What can we do to end religious fear, violence, and war?

The solution is to realize that religions are human inventions. As such they often reflect, feed, and magnify our fearful, violent, and warring tendencies by creating and then worshiping a God who does the same. Once we know that we create God in our image, we can measure the quality of our lives by looking at the quality of our God. The more angry, judgmental, violent, and demonizing of others our God is, the more angry, judgmental, violent, and demonizing we must be. Cease to be this way and God and religion will cease to be this way as well.

I’m sort of a Catholic-Hindu. How do I free myself from original sin and karma?

Stop being Catholic or Hindu and become a Jew or a Muslim instead. Neither Jews nor Muslims suffer from original sin or karma. Karma and original sin are just concepts fed to you by your parents, teachers, community, or religious group. Rather than focusing on concepts about reality, just engage each moment as it is. This won’t free you from karma or original sin, but it will free you from the need to be free.

I believe Krishna, no less than Christ, is God. My pastor (I’m Southern Baptist) says this is heresy. Why can’t he see what I see?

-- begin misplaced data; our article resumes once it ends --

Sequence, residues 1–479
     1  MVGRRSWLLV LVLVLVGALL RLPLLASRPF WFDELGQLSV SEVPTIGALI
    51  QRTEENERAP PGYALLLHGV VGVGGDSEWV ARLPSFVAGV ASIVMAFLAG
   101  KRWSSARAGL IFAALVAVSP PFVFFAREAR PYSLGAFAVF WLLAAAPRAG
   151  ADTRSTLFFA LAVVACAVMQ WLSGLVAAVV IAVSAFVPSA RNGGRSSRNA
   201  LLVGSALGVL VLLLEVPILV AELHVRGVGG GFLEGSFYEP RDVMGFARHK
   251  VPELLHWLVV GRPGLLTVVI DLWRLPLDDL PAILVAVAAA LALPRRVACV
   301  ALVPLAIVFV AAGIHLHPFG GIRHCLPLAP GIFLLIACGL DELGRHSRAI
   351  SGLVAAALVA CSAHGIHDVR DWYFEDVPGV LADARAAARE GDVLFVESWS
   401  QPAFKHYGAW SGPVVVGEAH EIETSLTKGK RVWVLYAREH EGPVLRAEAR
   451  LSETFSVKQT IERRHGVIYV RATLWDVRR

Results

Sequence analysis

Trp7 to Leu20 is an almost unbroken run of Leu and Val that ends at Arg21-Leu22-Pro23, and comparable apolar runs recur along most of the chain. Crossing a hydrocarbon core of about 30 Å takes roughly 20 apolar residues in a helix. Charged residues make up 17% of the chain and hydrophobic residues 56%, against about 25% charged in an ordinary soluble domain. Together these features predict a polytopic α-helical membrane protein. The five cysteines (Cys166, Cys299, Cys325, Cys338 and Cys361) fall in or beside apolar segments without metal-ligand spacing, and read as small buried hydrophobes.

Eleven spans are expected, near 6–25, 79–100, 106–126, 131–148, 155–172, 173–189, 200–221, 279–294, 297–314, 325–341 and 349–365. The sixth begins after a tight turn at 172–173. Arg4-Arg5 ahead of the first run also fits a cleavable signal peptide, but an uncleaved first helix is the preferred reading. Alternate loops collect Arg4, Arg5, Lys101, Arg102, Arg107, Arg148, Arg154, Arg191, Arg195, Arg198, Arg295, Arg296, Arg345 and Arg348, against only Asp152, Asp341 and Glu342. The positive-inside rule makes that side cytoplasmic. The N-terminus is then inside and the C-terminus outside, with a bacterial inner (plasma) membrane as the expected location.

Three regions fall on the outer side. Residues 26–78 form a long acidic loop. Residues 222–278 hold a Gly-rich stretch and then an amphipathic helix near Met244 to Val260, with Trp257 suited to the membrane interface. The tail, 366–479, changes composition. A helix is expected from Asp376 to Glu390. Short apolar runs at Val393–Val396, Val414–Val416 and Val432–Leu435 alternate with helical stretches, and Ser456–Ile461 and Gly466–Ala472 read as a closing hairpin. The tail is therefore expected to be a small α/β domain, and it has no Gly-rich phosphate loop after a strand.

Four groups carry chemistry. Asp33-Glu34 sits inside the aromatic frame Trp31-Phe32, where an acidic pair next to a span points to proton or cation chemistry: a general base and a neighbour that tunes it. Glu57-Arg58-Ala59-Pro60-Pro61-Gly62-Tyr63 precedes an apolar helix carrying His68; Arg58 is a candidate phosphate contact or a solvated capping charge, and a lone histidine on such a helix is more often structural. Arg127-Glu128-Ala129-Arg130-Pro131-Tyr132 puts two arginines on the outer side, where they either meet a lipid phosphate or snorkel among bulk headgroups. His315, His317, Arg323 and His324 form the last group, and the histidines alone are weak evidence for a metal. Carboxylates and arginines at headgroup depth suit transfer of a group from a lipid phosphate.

It’s a matter of brand loyalty. Religions tell us what to see and often condemn us for seeing something else. If you’ve moved beyond this and see Christ and Krishna as equal manifestations of God, fine, but don’t expect your pastor to do so or condemn him for not doing so. Blindness, bigotry, and bias are not limited to the brand-name faiths. Honor what he does see rather than bemoan what he doesn’t.

Why do people believe in eternal damnation?

People like to win. Winning is more fun if others lose. For some people winning is even more fun if losing means losing for all eternity, and it’s the most fun if it includes endless torture. Such people scare me not because of what they believe but because of what behaviors their beliefs excuse.  —S&H
 


Rabbi Rami Shipiro

Rabbi Rami Shapiro is an award-winning author, essayist, poet, and teacher. His spiritual advice column, "Roadside Assistance for the Spiritual Traveler," addresses reader questions pertaining to religion, spirituality, faith, family, God, social issues, and more.

His newest book is Surrendered—The Sacred Art: Shattering the Illusion of Control and Falling into Grace with Twelve-Step Spirituality.

He has this to say about religion: “To me, religions are like languages: no language is true or false; all languages are of human origin; each language reflects and shapes the mindset of the civilization that speaks it; there are things you can say in one language that you cannot say or cannot say as well in another; and the more languages you know, the more nuanced your understanding of life. Judaism is my mother tongue, yet in matters of the spirit I strive to be multi-lingual. In the end, however, the deepest language of the soul is silence.”